×
INTELLIGENT WORK FORUMS
FOR ENGINEERING PROFESSIONALS

Contact US

Log In

Come Join Us!

Are you an
Engineering professional?
Join Eng-Tips Forums!
  • Talk With Other Members
  • Be Notified Of Responses
    To Your Posts
  • Keyword Search
  • One-Click Access To Your
    Favorite Forums
  • Automated Signatures
    On Your Posts
  • Best Of All, It's Free!

*Eng-Tips's functionality depends on members receiving e-mail. By joining you are opting in to receive e-mail.

Posting Guidelines

Promoting, selling, recruiting, coursework and thesis posting is forbidden.

Students Click Here

Prima or Trumpf for a new laser ???

Prima or Trumpf for a new laser ???

Prima or Trumpf for a new laser ???

(OP)
Looking to buy a Trumpf Trulaser cell 7040 co2 or Prima Rapido evoluzione 2 3k Fiber.  Does anyone have experience on any of these machines and have any advice??

RE: Prima or Trumpf for a new laser ???

make sure you fully understand the dangers of dealing with fiber lasers, there's lots of confusion and discrepancy but it is beyond any doubt that it is more hazardous than a CO2 laser.

Have you looked at the Bystronic Bystar? The Bystar 3015 is a real workhorse when coupled with the 4400 watt resonator.

Chris Krug http://krugtech.com/
Maximum Up-time, Minimum BS

RE: Prima or Trumpf for a new laser ???

Just so you know, I work for Prima, so my answer may be obvious. both are good in the automotive market, they are the leaders. I would say there is 1 Key Feature and we do not even make it. It is the IPG Photonics Fiber Resonator. It is the most SIMPLE (easy to own and operate) resonator on the market. Most all, except for Amada and Trumpf (could be some others like Hypertherm) use IPG for low cost of ownership, little to no repair and it is simple. Automotive does not need a complicated electro-mechanical disc device. We use IPG exclusively on all of our 5 fiber laser designs. IPG will make your choice easy.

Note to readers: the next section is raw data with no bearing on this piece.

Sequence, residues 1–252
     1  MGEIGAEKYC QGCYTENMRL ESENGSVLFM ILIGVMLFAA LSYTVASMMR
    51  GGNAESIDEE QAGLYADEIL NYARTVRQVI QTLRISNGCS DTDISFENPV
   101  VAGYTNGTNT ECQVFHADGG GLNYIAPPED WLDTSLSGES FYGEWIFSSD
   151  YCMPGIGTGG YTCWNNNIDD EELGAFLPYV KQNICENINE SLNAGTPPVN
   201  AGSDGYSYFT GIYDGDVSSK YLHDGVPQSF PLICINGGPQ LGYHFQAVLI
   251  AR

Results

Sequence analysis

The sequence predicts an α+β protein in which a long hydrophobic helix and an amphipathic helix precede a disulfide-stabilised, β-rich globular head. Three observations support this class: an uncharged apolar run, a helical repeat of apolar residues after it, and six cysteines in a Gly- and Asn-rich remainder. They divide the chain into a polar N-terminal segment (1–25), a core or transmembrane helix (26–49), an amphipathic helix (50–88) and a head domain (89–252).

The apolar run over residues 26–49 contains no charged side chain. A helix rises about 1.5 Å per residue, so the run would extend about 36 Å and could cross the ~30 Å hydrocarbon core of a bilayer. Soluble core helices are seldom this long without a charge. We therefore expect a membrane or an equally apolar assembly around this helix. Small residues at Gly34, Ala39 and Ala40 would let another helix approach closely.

RE: Prima or Trumpf for a new laser ???

It depends on what material you expect to cut, especially thickness wise.  If you'll be cutting mostly thin material (10 Ga and less), fiber lasers are a good alternative.  They can cut thin material much faster than CO2, they are more efficient and also requires less electrical power (which is a big advantage in areas or countries where electrical power is limited).  There is pretty much no maintenance, but, you will have to pay a yearly fee for a warranty in case the resonator needs to be replaced (that is passed the manufacturers warranty).  This cost is sometimes more than 1 year maintenance cost on a CO2 laser.  So, make sure to look into that.  

Also keep in mind that fiber lasers can not be repaired in the field (need a clean room).  If something happens to it, it needs to be shipped to factory or swapped out.  I guess in the US, this is not really a problem as overnight service is available.  But this may be an issue in some countries.

There is also the issue of back reflection, which can damage the feed fiber, or the beam combiner (meaning the laser needs to be shipped back for repair).  Most machines will never have this problem, but I've hears some had to have the feed fiber replaced every year, which can become very expensive.

And then, as mentioned by krugtech, there is the danger linked to the particular wavelength of fiber laser (although this would be more for service guys; operators should be safe as long as no safety is bypassed).